The Meath defender believes both teams showed each other too much respect in Limerick and Dublin last time round and the Tests lacked intensity.
With Kieran McGeeney drafted in as a selector to increase the ferocity in training, sessions such as yesterday’s in the Whitten Oval — the Ireland squad’s first since the majority of them arrived in Australia on Saturday — haven’t been for the faint-hearted.
It’s obvious Anthony Tohill has gone with a more physically-imposing side this year while sturdy Reilly returns to have another crack at beating the professionals.
“Last year was very open,” he acknowledged. “Far less tackles got in than in previous years. From a spectator’s point of view, they want to see a bit of the physical.
“Okay, it can’t be allowed get out of hand again but we have to get the balance right. There’s no harm in it being a physical game once it’s within the rules. Both teams stood each other a bit too much last year... again just for the intensity, I think we should up it a small bit.
“We were probably afraid a bit [to get involved] because there was a clampdown after what happened a few years ago. We’ll have to wait until Friday night to see how it works out.”
The old chestnut is, of course, the tackle, a facet of the hybrid game that Ireland have never managed to get the hang of.
Step forward McGeeney to try and come up with a solution to the problem.
“The tackle that’s used in this game is alien to Gaelic footballers,” Reilly readily admitted.
“That would be the biggest aspect we have to work on both in making and taking tackles. You’re going to have to live with being tackled and pinned down. In previous years we kind of retaliated a bit because we felt it was unfair.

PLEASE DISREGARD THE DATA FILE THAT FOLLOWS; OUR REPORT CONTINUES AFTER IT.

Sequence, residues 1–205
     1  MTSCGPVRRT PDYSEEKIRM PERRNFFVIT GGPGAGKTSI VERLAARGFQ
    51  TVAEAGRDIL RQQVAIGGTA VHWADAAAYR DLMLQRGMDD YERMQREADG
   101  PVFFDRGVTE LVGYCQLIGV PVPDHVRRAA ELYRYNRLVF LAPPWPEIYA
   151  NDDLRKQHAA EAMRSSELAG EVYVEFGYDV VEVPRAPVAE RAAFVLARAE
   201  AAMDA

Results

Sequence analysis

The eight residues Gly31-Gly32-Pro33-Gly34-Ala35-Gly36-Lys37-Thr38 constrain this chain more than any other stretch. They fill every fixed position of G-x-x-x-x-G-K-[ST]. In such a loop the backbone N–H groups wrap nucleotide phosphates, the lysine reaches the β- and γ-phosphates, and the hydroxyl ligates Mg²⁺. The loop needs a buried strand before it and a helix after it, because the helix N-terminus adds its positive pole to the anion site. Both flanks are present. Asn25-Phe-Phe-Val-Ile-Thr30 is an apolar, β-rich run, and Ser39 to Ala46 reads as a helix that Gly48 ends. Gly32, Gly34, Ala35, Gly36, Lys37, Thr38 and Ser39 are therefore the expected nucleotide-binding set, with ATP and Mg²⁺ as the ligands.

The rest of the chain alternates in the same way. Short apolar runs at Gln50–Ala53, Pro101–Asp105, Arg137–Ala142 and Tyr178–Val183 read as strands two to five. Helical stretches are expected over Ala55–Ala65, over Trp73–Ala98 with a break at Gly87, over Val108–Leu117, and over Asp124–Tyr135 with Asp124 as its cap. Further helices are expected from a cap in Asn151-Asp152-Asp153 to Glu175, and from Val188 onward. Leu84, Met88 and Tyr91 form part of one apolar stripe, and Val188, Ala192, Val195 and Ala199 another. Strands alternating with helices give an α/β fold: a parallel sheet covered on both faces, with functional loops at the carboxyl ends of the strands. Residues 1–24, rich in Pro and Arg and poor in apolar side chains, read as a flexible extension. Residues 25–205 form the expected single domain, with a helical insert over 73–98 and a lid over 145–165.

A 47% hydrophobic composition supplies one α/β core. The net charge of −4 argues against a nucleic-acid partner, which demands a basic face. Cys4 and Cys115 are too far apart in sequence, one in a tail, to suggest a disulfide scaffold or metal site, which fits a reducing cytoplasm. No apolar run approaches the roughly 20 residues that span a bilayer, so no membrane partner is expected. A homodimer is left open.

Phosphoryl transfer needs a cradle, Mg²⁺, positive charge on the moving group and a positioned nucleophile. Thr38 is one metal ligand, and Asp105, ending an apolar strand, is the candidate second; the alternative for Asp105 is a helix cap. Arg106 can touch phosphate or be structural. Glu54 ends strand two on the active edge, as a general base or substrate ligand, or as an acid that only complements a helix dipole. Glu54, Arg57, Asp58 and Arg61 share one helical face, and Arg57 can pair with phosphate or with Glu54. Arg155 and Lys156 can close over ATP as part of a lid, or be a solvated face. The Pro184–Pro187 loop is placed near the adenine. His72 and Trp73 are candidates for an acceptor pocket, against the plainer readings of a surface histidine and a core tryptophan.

“Maybe it was just at the back of our heads that we sort of felt that this shouldn’t be happening.
“But we have a lot of work done with Kieran McGeeney, both in giving and taking the tackle, so I don’t think it will be an issue this year.”
Tohill has already admitted a number of players have been trained specifically to tackle while others haven’t been. No prizes for guessing what category Reilly falls under as he talks about keeping the Australians under the kosh from the outset.
“We’re going to have to match the Australians all the way on that front while also playing to our own strengths. It was important for us all to get a run [yesterday]… there’s plenty of time for recovery over the next few days.”
The hurt of losing last year’s series remains with Reilly, two games in which they were given a lesson in ball skills.
“Last year was very disappointing in the sense that we only really played for two quarters,” he said. “We have that at the back of our minds — we’re going to have play for a lot more than that this time if we’re to be in contention for the series.”
Reilly says there are specific areas when both the defence and attacks have room for improvement from 12 months ago.
He added: “Last year they came forward in waves and we didn’t really deal with that as well as we could have. That will be a big issue this time.
“Another area we need to improve on is scoring — if we don’t put the points on the board, we’re not going to win. We’d be given out to in Gaelic football if we kicked as many wides. We seemed to be content with the ‘behinds’ in this game and we just can’t afford to be.”